I swear I am still sitting in his bedroom nursing him while rocking in the chair…an occasional thud on the wall from rocking too hard at times. I swear I am reading about colic and food allergies/sensitivities and elimination diets. I swear I can smell his newness and my finger is sweating from how long he’s held it while asleep. I swear I’m wrapping him tightly against my body and trying to figure out what my life’s new normal with a fresh new baby looks like in the haze of sleep depravation.
But I am not. Because I am here, writing at my desk and he is playing tow-truck in the basement as happy as a clam. He knows how to get his own water. His own snacks. He talks about anything. He asks to talk to you after a hard moment to let you know that he did not, at all, appreciate your tone of voice. He likes to squish his face and memorize author’s names. He asks if things are gluten, dairy and soy free. He rebels and asks for a taste of goat cheese. He planned every last detail of his birthday party, and made sure I wrote it down on my phone so I didn’t forget. His sister is his best friend and would do anything for her. He knows his full name and the words to his favorite song (My Type by Saint Motel). He is a fresh three year old who is not little at all, but in fact, “really big!”. And I am still a tired mommy trying to figure out what life with a fresh three year old looks like.
All photos are from the days leading up to his birthday and the weekend of his birthday. All images shot on film.
Trying new things can be hard. Never knowing if its going to turn out or not. And being the slight perfectionist that I am, I needed a bit of a push to try a film stock that I knew very little of.
Enter a lovely film group that I am a part of where one of the photographers sent a roll of off-the-beaten-path film from Seattle Film Works. I received a 35mm roll of SFW 200 in the mail and, knowing nothing of this film, I loaded it into my camera…and it stayed there for many weeks. My results were a bit…um. You know, different.
If I ever get my hands on another roll I will try photographing still-life instead of people. I think the colors and casts will lend itself much more interesting in that format – and it somehow looks perpetually underexposed (I rated the roll of 200 at 100). However, the more I look at the photos the more they grow on me. The bit of quirk is winning me over, perhaps.
To continue with the blog circle, and check out the other participants results with this film, head on over to Love Me Simply Photography.
Groggy with extra snuggles in our bed. Extra snuggles with each other. Extra snuggles with a favorite stuffy. While I stumble to make a pot of coffee and their daddy starts on breakfast, the exuberant and bright childhood energy explodes.
These are a few images from a project documenting ourmy days. The everyday, the routine, the monotony. Because when you are living in that everyday, hampster-on-a-wheel-trying-so-hard-to-keep-up, it easy to loose sight of the beauty in it all. Because, really, what the hell could be beautiful about washing the same load of laundry for the second or third time, or seeing the dishes pile up again? How do you see beauty in tripping over toys, vacuuming 2-3 times a day (I swear there are elves whose sole purpose of living is to throw crumbs all over my floor!) and frantically looking for lovies. Where is the beauty in convincing your 5 year old that hair does indeed need to be brushed every day and dreadlocks are not an option while simultaneously cooking your toddler his 3rd breakfast and your coffee is an awkward lukewarm temperature. Show me the beauty in the pile of dishes and dirty counters and cabinets as the aftermath of all those breakfasts and thrice nuked coffee.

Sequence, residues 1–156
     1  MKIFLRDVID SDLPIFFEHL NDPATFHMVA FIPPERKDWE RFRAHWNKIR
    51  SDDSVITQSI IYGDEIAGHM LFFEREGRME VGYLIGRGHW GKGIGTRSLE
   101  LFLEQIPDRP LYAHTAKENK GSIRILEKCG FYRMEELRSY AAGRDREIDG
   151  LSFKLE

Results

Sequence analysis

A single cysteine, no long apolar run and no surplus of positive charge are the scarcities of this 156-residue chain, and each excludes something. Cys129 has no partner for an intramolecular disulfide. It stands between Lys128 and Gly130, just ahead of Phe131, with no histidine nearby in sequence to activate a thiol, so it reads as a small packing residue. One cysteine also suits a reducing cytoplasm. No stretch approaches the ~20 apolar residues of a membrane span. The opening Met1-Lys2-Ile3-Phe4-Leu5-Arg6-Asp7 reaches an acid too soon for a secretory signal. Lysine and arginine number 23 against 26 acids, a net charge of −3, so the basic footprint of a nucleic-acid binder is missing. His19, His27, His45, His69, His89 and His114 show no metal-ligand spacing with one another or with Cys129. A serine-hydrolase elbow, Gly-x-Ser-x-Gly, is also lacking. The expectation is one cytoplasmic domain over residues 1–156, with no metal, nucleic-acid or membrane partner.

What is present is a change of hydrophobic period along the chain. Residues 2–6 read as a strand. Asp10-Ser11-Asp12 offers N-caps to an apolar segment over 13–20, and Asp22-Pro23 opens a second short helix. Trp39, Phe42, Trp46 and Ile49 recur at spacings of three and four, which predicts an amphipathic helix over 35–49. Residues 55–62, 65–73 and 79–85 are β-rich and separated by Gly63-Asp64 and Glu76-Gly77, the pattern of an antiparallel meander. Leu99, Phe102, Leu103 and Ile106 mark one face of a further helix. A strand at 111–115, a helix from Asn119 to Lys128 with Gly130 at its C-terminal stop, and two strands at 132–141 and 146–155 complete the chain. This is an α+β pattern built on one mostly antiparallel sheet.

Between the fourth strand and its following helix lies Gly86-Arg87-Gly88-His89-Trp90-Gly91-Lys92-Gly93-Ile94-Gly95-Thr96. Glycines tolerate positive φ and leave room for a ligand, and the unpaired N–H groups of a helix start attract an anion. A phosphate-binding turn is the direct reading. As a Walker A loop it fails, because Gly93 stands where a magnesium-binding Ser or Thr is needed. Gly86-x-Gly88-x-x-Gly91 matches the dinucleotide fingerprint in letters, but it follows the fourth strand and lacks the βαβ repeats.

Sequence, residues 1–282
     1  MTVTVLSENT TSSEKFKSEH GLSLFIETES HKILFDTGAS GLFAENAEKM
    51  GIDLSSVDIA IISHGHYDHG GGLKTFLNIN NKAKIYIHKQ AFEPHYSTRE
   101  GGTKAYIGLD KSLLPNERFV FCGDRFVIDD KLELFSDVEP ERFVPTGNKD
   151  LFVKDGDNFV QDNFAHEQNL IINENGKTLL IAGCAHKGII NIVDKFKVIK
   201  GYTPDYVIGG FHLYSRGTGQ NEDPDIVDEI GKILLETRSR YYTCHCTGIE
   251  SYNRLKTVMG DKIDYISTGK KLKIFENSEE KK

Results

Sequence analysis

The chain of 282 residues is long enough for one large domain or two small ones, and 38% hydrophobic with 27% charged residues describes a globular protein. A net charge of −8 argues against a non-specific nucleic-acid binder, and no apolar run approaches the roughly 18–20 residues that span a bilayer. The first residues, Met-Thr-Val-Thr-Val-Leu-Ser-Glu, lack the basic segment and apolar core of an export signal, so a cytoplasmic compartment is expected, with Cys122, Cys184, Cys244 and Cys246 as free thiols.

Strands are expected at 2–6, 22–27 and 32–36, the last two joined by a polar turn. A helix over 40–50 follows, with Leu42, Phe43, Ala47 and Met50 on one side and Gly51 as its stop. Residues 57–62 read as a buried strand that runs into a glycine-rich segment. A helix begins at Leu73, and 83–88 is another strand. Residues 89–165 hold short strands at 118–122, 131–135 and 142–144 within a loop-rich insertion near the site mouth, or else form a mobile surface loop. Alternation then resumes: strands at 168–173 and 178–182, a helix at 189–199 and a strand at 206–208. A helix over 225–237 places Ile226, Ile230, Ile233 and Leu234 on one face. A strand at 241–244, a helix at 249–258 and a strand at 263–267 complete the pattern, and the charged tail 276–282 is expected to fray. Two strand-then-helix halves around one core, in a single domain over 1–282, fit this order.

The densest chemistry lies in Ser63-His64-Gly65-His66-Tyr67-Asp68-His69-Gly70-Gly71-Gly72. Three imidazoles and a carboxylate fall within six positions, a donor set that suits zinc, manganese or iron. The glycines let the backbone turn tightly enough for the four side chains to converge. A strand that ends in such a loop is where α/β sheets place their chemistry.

But in that chaos is the love. The scattered blankets and pillows in the living room are there because there were kids having crazy fun together. The dirty dishes remind you of the sweet conversations you had while eating together. The messy hands and faces. The explorations and ceaseless curiosity. The muddy paw prints of beloved pets all over the hardwood floor from chasing the kids back into the house. The chaos and dirt and chasing, well, thats you living. And that is beautiful.
2014, in a nutshell, was a year of discovery and transition. In August I returned from a year and a half hiatus (having my little Oliver) to reestablishing my photography business. The seasons were strung together from peek to valley, threaded from moment to moment, expanded by never-ending change, rattled by turmoil and loss and fortified by finding the shimmer of light in the shadows. There were many moments of the daily, the ordinary, the uncertainty, the simple joys, the shadows and the light. There was a season of darkness. There was a season of light. In those seasons I learned that every chapter is worth capturing, remembering and imprinting. I used to only look for the bright light and thought life should be brilliant at all times. However, the luminosity of light never seemed so beautiful until in came from the shadows. There are shadows everywhere and within everyone. And they shouldn’t be ignored for that is where the shine lights the brightest.
Now, instead of insisting on brightness all the time, I quietly and patient wait for light to emerge from the shadows.
Thank you to all my repeating clients – your loyalty and trust in me makes my job so fulfilling. Thank you to new clients for giving me a shot and playing with me. Thank you to most of my clients that become friends – greatest job perk! Thank you for all the amazing referrals that kept me incredibly busy the past 5 months that I have been back, it gives me great hope for 2015 – I know there are tons and tons of options and I appreciate it all and always.
Cheers to twenty fifteen and the upcoming seasons of light and dark. Embrace it all.